need for both loyalists and police officers to face
criminal prosecution in the wake of the report.

It also says it wants to emphasise the importance of giving
the Ombudsman powers of scrutiny over the MI5 spy agency
after it is given responsibility for intelligence-gathering
in the North.

Sinn Féin's delegation today will be led by Martin
McGuinness, who says he will be using the meeting to
discuss the need for the Government to finally take
decisive action on the collusion issue.


A Sinn Féin delegation led by Chief Negotiator Martin
McGuinness MP and including Assembly members Alex Maskey
and Caitriona Ruane and Louth TD Arthur Morgan will hold
urgent talks with Irish Minister for Foreign Affairs Dermot
Ahern in Dundalk tomorrow morning.


SF Seeks Stormont Debate On O'Loan's Collusion Report

[Published: Tuesday 23, January 2007 - 13:56]

Sinn Fein is seeking a debate at the Stormont Assembly on
yesterday's collusion report from the Police Ombudsman.

The report says RUC Special Branch officers protected a
loyalist gang responsible for up to 15 murders between 1991
and 2003 because its leader was a paid informer.

Sinn Fein has tabled a motion in the transitional Assembly
seeking a special session to debate the matter on Friday.

The SDLP, meanwhile, is urging the Ombudsman to widen her
investigation and examine how the police handled loyalist
informers throughout the North.

Yesterday's report only dealt with one small gang of UVF
members in the Mount Vernon area of north Belfast.

© Belfast Telegraph


O'Loan Investigation Could Never Happen Here - Ó Snodaigh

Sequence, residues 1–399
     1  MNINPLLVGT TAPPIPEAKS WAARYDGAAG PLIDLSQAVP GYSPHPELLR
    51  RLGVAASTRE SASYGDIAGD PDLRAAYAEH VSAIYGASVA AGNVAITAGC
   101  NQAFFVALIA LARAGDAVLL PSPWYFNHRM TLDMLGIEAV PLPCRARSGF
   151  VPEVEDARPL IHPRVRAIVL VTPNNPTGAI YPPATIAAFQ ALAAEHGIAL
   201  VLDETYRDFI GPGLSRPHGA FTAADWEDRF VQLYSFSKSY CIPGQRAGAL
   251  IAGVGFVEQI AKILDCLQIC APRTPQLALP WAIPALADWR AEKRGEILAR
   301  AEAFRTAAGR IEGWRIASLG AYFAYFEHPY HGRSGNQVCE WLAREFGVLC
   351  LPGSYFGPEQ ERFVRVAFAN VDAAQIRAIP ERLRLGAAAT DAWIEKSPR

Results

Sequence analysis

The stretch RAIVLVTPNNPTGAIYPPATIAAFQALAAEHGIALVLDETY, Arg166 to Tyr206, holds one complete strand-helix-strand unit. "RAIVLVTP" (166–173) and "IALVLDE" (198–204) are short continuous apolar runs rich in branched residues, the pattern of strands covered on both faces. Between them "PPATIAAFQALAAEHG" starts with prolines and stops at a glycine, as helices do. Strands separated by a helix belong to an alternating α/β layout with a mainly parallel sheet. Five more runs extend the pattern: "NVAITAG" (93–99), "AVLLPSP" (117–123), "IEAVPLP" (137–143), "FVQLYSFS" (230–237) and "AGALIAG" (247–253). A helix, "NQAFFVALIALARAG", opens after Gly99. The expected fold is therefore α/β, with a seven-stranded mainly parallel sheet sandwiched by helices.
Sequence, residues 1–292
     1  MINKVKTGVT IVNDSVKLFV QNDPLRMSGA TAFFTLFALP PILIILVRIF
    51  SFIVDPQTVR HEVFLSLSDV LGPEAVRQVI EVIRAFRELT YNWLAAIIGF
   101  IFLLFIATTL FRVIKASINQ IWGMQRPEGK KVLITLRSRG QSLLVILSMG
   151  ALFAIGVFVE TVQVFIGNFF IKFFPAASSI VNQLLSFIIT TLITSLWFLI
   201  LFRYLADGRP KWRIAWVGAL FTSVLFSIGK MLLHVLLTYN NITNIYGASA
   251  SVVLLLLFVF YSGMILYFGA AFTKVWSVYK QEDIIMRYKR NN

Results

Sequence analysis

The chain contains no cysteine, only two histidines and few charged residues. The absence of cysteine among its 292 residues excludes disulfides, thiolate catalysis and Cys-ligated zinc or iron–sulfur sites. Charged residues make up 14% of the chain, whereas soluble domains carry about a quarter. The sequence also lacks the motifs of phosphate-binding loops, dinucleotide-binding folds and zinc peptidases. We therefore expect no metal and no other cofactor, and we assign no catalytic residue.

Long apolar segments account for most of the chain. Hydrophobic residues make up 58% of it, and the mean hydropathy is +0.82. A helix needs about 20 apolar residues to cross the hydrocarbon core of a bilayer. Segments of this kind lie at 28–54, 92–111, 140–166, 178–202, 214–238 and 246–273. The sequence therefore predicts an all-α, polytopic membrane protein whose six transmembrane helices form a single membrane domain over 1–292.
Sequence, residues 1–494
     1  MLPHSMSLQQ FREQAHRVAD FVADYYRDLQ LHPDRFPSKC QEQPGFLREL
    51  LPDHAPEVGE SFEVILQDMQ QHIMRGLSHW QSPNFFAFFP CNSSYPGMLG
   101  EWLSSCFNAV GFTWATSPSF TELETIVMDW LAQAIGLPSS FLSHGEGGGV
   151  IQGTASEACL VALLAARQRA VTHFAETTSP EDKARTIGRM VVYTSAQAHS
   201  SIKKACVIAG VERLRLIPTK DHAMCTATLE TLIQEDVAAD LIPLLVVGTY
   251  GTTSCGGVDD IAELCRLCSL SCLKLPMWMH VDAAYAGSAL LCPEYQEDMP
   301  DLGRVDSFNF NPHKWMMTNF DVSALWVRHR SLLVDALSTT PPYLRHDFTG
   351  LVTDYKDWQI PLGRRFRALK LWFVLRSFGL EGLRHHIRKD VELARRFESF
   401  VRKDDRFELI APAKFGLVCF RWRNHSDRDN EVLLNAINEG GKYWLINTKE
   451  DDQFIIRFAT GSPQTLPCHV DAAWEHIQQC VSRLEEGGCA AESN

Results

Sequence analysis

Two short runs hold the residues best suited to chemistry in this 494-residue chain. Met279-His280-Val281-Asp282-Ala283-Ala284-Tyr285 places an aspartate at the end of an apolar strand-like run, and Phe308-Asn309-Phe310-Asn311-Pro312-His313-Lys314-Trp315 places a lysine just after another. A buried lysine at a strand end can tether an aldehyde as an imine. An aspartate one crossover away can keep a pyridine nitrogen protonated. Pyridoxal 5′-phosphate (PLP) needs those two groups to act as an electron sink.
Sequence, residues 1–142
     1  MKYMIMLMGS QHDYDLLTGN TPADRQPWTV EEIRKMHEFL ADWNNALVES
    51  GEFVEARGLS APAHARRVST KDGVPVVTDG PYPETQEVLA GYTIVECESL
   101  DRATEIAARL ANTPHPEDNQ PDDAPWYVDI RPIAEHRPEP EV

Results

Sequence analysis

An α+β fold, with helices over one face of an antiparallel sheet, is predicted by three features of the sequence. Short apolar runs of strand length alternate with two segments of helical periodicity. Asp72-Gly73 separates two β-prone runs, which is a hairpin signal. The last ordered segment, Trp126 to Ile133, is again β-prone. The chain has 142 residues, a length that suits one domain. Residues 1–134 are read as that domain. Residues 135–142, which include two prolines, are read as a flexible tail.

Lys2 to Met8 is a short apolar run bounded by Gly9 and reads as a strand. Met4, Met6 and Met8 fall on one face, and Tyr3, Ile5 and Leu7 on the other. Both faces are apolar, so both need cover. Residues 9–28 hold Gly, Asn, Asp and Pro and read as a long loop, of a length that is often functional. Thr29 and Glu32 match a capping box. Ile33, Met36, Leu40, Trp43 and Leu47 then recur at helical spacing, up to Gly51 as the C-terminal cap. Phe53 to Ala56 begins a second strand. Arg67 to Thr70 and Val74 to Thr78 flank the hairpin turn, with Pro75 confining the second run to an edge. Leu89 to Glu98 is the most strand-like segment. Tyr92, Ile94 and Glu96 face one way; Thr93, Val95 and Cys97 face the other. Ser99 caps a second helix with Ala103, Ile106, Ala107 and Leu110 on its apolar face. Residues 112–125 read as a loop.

Published: 23 January, 2007

Sinn Féin Justice spokesperson Aengus Ó Snodaigh TD has
called on Justice Minister Michael McDowell to give the new
Garda Ombudsman Commission resources, staff and powers at
least equivalent to those of Nuala O'Loan, the Police
Ombudsman in the Six Counties. He was speaking after the
publication yesterday by Ms O'Loan of a damning report
exposing RUC collusion with loyalist death squads and made
the point that a similarly thorough investigation on Garda
misconduct would be impossible in this state.

The Dublin South Central TD said: "In terms of legal
powers, Nuala O'Loan has the power to investigate retired
officers, which proved crucial to her investigation into
collusion surrounding the killing of Raymond McCord Jnr and
others. The Garda Ombudsman has no such power.

"Nuala O'Loan has full access to PSNI documents and
stations in order to conduct her investigations. By
contrast the Garda Commissioner and Minister for Justice
Michael McDowell can thwart any future investigation by An
Garda Ombudsman Commission by denying it access on the
grounds of 'state security'. The excuse of state security
has been misused and abused by successive Ministers.

"Under current provisions it is unlikely that the Ombudsman
Commission would be able to conduct an independent
investigation, akin to that conducted by Nuala O'Loan, into
collusion involving Gardaí, in cases such as the Dublin-
Monaghan bombings and the murder of Sinn Féin Councillor
Eddie Fullerton.

"It is equally unlikely it would be able to investigate
throughout Garda complicity in the deaths of Terence
Wheelock, Brian Rossiter and John Maloney.

"I am calling on the government to rectify these two
crucial shortcomings with amending legislation and to
ensure equivalence as required by the Good Friday

"In terms of resources, Nuala O'Loan's office has 125
staff, none of which are members of the PSNI, to deal with